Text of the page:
Great First Dates in Philadelphia

Photograph by Jauhien Sasnou

Photograph by Jauhien Sasnou

If You Want to Say: “I’m Sporty”

Make a Date For: Biking the Schuylkill River Trail. Set a slow pace so you can talk. (No need to prove you’re a Weekend Warrior just yet.)

If It’s Going Well: Pedal to the Conshohocken Brewing Co. (it’s past Manayunk if you’re coming from the city) and have suds and snacks—the bar is located along the banks and has plenty of bike parking. Conshohocken, 610-897-8962.

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Great Offline Dates for Online Daters in Philadelphia

Menagerie Coffee. Photograph by Jauhien Sasnou

Menagerie Coffee. Photograph by Jauhien Sasnou

What: One of the “it” cafes
Why: A minimal time commitment in case the Web-to-life sparks aren’t flying.
A Few to Try: Menagerie Coffee (Old City, no phone), for the rustic-meets-urban decor and unpretentious vibe; Shot Tower (Queen Village, 267-886-8049), a mecca for the coffee-obsessed where you can perch on a stool at the window bar for some well-lit (read: #nofilter) getting-to-know-you time; Grindcore House (Pennsport, 215-839-3333), a vegan, punk, edgy spot that is itself a conversation starter.

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6 Classy Break-Up Spots in Philadelphia

Choosing the right backdrop for your breakup depends on what sort of breakup you have in mind. Bidding a wistful, sweet goodbye-forever? The semi-secret John F. Collins pocket park at 17th and Chestnut is the perfect spot, very The Way We Were. You’re close enough to Rittenhouse to grab a decent coffee, but far enough that people you know aren’t likely to witness the tears and tissues. (If you think there’s a chance the whole ordeal might really go south, Fitler Square meets the same standards but also provides endless directions in which to flee.)

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Great Hot Dates in Philadelphia

The Library at the Rittenhouse Hotel. Photograph by Jauien Sasnou

The Library at the Rittenhouse Hotel. Photograph by Jauien Sasnou

1. The Rittenhouse

If you can’t get lucky following an afternoon in the hotel’s spa, a romantic dinner at Lacroix (indulge in the well-worth-it $125 chef’s tasting menu) and nightcaps at the Library Bar — easily the sexiest little lounge in town — then we don’t know what to tell you. Rittenhouse, 215-546-9000.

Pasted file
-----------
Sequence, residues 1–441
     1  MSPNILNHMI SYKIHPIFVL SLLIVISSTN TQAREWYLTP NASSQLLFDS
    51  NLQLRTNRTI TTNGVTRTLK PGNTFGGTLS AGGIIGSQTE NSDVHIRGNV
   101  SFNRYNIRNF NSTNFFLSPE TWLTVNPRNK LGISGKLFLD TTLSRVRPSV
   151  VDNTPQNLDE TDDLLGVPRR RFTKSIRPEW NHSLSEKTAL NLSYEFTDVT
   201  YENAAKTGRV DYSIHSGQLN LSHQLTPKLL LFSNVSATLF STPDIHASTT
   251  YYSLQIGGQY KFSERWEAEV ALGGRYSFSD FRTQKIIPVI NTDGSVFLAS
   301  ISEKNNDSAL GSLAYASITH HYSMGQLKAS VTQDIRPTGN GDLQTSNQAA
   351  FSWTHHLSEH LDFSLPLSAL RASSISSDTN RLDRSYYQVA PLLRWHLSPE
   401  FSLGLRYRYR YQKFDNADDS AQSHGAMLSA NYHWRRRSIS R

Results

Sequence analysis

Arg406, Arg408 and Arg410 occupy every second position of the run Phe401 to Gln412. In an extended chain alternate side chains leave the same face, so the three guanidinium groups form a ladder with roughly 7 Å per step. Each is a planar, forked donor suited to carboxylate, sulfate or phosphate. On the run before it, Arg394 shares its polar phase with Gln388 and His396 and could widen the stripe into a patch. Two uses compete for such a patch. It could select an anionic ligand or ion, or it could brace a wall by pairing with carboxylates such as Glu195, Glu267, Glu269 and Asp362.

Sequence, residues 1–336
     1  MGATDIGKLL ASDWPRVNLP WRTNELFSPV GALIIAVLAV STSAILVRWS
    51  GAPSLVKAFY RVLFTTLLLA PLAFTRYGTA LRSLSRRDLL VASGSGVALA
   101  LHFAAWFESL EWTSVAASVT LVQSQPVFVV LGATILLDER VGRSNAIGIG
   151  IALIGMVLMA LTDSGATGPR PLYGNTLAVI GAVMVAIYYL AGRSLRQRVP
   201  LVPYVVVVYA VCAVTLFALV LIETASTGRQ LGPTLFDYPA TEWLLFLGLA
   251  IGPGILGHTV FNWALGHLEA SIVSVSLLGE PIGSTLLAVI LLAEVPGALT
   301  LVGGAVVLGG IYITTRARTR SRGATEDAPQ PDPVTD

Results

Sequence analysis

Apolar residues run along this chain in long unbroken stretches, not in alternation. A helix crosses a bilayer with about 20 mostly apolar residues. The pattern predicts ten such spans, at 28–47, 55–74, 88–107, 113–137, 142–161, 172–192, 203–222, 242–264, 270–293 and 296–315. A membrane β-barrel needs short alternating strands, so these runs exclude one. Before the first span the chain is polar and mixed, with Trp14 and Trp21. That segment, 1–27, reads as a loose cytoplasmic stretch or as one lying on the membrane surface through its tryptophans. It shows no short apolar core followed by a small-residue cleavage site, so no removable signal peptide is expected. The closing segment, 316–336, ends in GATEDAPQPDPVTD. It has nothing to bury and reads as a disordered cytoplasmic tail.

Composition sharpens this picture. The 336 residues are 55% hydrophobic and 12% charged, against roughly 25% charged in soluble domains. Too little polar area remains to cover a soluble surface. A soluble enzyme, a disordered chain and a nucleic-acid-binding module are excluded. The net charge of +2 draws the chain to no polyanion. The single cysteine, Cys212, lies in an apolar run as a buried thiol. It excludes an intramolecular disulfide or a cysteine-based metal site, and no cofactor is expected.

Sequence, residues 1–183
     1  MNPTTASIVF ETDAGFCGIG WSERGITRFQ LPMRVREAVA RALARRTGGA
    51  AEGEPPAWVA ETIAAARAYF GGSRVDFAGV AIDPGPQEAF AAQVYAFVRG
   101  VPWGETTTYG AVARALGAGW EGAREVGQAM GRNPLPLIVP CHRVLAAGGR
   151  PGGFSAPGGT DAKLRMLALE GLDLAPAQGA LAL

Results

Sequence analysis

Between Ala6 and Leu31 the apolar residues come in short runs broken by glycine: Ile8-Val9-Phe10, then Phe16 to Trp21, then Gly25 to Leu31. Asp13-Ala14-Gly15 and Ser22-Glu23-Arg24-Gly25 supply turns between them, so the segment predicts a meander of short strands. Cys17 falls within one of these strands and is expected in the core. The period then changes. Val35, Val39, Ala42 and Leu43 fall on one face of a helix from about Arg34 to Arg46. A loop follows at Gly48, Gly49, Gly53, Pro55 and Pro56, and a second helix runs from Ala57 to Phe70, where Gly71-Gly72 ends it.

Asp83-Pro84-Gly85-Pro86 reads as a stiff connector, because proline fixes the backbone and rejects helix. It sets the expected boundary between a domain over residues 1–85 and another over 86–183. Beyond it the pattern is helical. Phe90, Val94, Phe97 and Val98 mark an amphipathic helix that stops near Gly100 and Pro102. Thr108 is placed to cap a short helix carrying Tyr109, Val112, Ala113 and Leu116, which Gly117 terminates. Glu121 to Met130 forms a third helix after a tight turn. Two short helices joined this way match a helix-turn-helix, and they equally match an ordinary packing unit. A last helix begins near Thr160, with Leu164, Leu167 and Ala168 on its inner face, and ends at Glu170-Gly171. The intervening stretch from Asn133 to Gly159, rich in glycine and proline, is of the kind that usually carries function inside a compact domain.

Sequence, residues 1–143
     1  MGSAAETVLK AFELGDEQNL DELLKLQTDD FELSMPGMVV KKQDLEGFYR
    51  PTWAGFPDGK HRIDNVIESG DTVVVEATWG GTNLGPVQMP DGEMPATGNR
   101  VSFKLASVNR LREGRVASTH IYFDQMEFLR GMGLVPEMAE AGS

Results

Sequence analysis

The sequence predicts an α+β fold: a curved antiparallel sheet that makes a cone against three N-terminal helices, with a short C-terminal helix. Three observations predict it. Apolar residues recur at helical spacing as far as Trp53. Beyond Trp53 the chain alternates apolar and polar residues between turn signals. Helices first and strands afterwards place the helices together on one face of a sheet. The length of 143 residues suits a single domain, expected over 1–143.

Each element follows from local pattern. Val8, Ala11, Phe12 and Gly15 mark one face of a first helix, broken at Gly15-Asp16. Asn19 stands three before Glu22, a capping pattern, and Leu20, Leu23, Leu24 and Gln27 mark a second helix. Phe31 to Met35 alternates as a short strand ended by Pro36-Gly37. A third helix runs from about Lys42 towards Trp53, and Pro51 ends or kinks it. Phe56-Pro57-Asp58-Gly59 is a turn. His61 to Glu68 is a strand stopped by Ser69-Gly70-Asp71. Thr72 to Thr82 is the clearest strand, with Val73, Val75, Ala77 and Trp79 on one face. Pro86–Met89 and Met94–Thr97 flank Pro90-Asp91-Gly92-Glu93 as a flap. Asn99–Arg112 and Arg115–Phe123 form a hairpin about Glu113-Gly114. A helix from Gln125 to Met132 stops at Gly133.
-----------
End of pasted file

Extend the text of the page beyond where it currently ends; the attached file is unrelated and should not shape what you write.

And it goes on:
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Tell Us How You Feel About Love

love-in-philly-bannerWe want to know your thoughts on relationships, sex, marriage, soul mates, and the state of love in Philadelphia right now. Results of this quick, anonymous poll will run in Philly Mag. So go ahead … tell us everything.*
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ThinkFest Preview: William Hite on Moving Philadelphia’s Schools Forward

School District of Philadelphia superintendent William Hite and Philadelphia magazine deputy editor Patrick Kerkstra.

School District of Philadelphia superintendent William Hite and Philadelphia magazine deputy editor Patrick Kerkstra.

He’s got the toughest job in Philadelphia, and more experience managing crises than FEMA. But Philadelphia schools superintendent William Hite didn’t move to the city two years ago to manage the district’s decline. When not extinguishing fires, Hite is working on a plan to drag urban education into the modern age. His goals are extraordinarily ambitious: 100 percent of kids reading at grade level by the 8th grade; 100 percent of students graduating, prepared for college or career.

But how? How to give schools autonomy, while ensuring they meet high standards? How to attract and retain the best teachers and principals amid labor strife and constrained resources? How can the district win the high-stakes match of three-dimensional chess with City Hall and Harrisburg? Above all, how can the district move forward? At ThinkFest, Hite will wrangle with these and other incisive questions posed by Philadelphia magazine’s Patrick Kerkstra.